Smaller marques want change in F1

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Published: Tuesday 18th November 2014 by The News Editor

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Formula One’s band of small teams are demanding showdown talks with supremo Bernie Ecclestone in Abu Dhabi this weekend after suggesting a “questionable cartel” is being created within the sport.

On Monday a letter from Force India, Sauber and Lotus was sent to Ecclestone, FIA president Jean Todt and the team principals of the remaining six marques detailing their ongoing grievances.

Since the demise of Marussia late last month, and with Caterham’s future in limbo, despite the fact they will be in Abu Dhabi, the smaller marques have been demanding change in F1.

Their calls for a fairer and more even distribution of the sport’s revenues have so far failed to cut any ice.

A two-and-a-half-hour meeting involving Ecclestone and all the team principals at the last race in Brazil proved to be “a complete and utter waste of time”, according to the 84-year-old.

Over the intervening period the small teams have heard nothing from Ecclestone, prompting the letter – which has been leaked – and calling for another chance to resolve matters at the Yas Marina circuit.

They have expressed concerns at the prospect of customer cars, or a ‘Super GP2’ series being introduced into F1, and have categorically stated the Strategy Group – that comprises Ferrari, McLaren, Red Bull, Mercedes and Williams – has “no intention at all to reduce costs”.

The letter highlights the fact that 70-80 per cent of their budgets this year has gone towards the introduction of the new power units, with the remainder nowhere near enough to run a team over a 19-grand prix season, or 20 as it will be next year.

In citing the fact the ‘Big Four’ of Ferrari, Red Bull, Mercedes and McLaren claimed half of last year’s revenues, the letter added: “The current skewed position is a direct result of the massive increase of costs and the lack of willingness to reduce the costs.”

The letter further stated: “We cannot accept the current distribution of funds in view of the massive increase of expenses. We understand the distribution is based on our bilateral agreements.

“It is, however, known to us all under which circumstances we signed these deals.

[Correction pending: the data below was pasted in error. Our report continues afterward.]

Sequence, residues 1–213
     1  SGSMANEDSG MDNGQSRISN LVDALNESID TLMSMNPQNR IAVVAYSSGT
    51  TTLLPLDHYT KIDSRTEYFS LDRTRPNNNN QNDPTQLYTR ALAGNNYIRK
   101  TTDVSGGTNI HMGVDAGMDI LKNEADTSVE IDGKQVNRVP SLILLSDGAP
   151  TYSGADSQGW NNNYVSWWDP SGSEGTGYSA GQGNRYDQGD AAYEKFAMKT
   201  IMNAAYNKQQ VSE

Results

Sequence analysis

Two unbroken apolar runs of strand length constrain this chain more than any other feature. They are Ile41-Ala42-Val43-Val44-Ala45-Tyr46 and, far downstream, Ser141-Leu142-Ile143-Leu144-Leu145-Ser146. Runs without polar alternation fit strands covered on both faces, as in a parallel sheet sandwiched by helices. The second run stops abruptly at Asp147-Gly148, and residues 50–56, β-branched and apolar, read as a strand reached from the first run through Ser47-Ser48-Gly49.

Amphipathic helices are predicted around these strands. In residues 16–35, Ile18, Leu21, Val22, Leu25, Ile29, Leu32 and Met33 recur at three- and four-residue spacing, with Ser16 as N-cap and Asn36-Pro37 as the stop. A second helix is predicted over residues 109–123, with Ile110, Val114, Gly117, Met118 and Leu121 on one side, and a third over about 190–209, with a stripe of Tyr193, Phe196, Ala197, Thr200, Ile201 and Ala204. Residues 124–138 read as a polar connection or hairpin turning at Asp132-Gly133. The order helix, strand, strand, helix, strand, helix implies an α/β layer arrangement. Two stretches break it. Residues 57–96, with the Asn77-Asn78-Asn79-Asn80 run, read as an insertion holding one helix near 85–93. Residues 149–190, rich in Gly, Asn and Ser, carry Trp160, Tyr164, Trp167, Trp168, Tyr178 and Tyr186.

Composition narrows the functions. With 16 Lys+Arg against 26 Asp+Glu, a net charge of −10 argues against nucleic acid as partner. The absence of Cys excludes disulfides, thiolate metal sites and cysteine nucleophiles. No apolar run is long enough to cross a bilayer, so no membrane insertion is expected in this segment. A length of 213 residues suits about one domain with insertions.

“The shareholder’s focus during the negotiations was on securing the co-operation with big teams in view of the planned IPO; we were effectively given no room for negotiation.

“Furthermore, the impact of providing various share options to key people and entities may well have clouded their judgement in respect of creating what is effectively a questionable cartel comprising, the Commercial Rights Holder, Ferrari, Red Bull, Mercedes, McLaren and Williams, controlling both the governance of Formula One and apparently, the distribution of FOM (Formula One Management) funds.

“Whilst the FIA are involved in the Strategy Group, they are impotent to act, as demonstrated in the recent cost control process which saw the FIA issue a media statement confirming their intent to impose cost controls and their subsequent climb down when overruled by the CRH, Red Bull, Ferrari, Mercedes, McLaren and Williams.”

The bottom line, according to the small teams, is that F1’s “collective inability to react is damaging the sport”, and that “pursuing a direction towards third/customer cars is creating fears”.

The letter added: “Such a move, representing a misuse of power, will not only change the DNA of Formula One, but also damage the value of our enterprises and lead to job losses.

“A two-tier system can only be considered a short-sighted vision.

“It is evident the current developments are dramatically reducing the value of Formula One and massively undermining its reputation as a sport.”

Published: Tuesday 18th November 2014 by The News Editor

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